Remember when I was sitting up there at the Boys & Girls Club in 2010? Of course you do. I am the King and I was holding court. I was thinking, Party in the city where the heat is on all night at the beach till the break of dawn. This is really tough. I could feel it. I was leaving something I had spent a long time creating. If I had to do it all over again, I’d obviously do things differently, but I’d still have left. Miami, for me, has been almost like college for other kids. There were keggers over at Alonzo’s house, late night video games with Bosh and even a few toga parties with Richie Incognito and those crazy Dolphins. These past four years helped raise me into who I am. I became a better player and a better man. I learned from a franchise that had been where I wanted to go. I will always think of Miami as my second home. Without the experiences I had there, I wouldn’t be able to do what I’m doing today.

I went to Miami because of D-Wade and CB. We made sacrifices to keep UD. But I’m leaving because of Mario Chalmers. I loved becoming a big bro to Rio. I believed we could do something magical if we came together. And that’s exactly what we did! The hardest thing to leave is what I built with those guys. I’ve talked to some of them and will talk to others. Nothing will ever change what we accomplished. History as they say, is history. Except when the NCAA is involved. We are brothers for life.  I also want to thank Micky Arison and Pat Riley for giving me an amazing four years. If it had been amazing-er it could have been five.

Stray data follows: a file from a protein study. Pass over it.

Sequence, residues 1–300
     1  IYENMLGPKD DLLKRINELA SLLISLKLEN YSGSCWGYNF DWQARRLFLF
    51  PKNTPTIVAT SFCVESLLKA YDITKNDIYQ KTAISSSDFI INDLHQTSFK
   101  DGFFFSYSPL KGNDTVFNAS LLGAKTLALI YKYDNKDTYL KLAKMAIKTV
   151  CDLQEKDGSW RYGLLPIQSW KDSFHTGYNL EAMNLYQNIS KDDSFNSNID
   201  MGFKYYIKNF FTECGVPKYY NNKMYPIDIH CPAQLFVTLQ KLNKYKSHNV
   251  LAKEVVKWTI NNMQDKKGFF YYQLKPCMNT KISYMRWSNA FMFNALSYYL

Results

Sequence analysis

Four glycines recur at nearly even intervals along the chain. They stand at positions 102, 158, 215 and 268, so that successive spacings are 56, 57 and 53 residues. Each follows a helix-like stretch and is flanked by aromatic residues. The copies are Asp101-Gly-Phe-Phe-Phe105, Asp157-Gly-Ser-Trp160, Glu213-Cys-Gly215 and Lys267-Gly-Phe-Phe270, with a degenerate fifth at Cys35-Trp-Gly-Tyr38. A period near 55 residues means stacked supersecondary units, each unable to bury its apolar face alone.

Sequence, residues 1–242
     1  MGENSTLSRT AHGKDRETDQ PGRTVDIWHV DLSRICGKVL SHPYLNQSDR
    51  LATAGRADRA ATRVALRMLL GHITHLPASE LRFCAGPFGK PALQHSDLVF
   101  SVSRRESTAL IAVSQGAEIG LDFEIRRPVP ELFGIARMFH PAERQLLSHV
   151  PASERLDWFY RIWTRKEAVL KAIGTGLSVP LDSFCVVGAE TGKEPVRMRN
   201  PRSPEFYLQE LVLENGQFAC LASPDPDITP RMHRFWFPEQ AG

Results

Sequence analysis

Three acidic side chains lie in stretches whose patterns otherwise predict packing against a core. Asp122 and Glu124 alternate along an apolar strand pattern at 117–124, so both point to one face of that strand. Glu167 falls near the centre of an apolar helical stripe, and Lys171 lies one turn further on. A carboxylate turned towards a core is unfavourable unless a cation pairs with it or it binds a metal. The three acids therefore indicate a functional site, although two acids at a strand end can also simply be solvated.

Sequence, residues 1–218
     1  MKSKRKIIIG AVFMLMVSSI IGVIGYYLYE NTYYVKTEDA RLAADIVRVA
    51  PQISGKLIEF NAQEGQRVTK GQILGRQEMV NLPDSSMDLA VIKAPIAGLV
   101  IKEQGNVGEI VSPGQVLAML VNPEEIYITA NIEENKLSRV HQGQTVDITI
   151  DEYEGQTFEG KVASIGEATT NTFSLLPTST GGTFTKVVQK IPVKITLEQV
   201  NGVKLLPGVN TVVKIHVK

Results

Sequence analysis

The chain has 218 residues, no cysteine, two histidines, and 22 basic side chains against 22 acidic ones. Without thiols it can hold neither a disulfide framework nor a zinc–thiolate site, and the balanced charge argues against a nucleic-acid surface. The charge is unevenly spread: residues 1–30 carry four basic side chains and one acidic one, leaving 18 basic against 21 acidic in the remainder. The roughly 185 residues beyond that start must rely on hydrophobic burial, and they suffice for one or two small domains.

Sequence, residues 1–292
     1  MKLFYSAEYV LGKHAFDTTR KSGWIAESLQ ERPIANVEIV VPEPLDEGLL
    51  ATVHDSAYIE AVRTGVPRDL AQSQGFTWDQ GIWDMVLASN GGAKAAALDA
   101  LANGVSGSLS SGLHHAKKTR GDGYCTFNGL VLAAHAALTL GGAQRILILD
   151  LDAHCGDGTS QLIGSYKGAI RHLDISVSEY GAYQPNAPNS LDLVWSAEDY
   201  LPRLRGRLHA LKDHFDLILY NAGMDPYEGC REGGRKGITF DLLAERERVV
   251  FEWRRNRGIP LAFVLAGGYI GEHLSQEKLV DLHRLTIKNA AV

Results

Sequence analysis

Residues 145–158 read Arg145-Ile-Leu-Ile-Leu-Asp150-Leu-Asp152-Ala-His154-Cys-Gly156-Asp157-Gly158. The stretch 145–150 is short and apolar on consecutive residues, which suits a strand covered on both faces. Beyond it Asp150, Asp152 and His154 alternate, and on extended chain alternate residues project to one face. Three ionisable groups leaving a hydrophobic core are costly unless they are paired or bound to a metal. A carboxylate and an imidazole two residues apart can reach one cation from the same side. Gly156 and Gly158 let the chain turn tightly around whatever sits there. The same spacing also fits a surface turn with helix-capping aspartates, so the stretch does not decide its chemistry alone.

I’m writing doing this essay because I want an opportunity to explain myself uninterrupted. I don’t want anyone thinking: He and Erik Spoelstra didn’t get along. … He and Riles didn’t get along. … The Heat couldn’t put the right team together. That’s absolutely not true. Except for the part about Spoelstra. And the part about Pat Riley. And the thing with the crappy roster.

I’m not having a press conference or a party. After this, it’s time to get to work. After I go to the World Cup.

When I left Cleveland, I was on a mission. I was seeking championships, and we won two. But Miami already knew that feeling. Our city hasn’t had that feeling in a long, long, long time. My goal is still to smash open Cleveland’s Championship Chastity Belt win as many titles as possible, no question. But what’s most important for me is bringing one trophy back to Northeast Ohio.

I always believed that I’d return to Cleveland and finish my career there. I just didn’t know when. Except I knew it would be at the end, like I said. After the season, free agency wasn’t even a thought. But I have two boys and my wife, Savannah, is pregnant with a girl. I started thinking about what it would be like to raise my family in my hometown. I looked at other teams, but I wasn’t going to leave Miami for anywhere except Cleveland. And possibly the Lakers if they could have gotten me, Melo, K-Love and Allen Iverson out of retirement. The more time passed, the more it felt right. This is what makes me happy.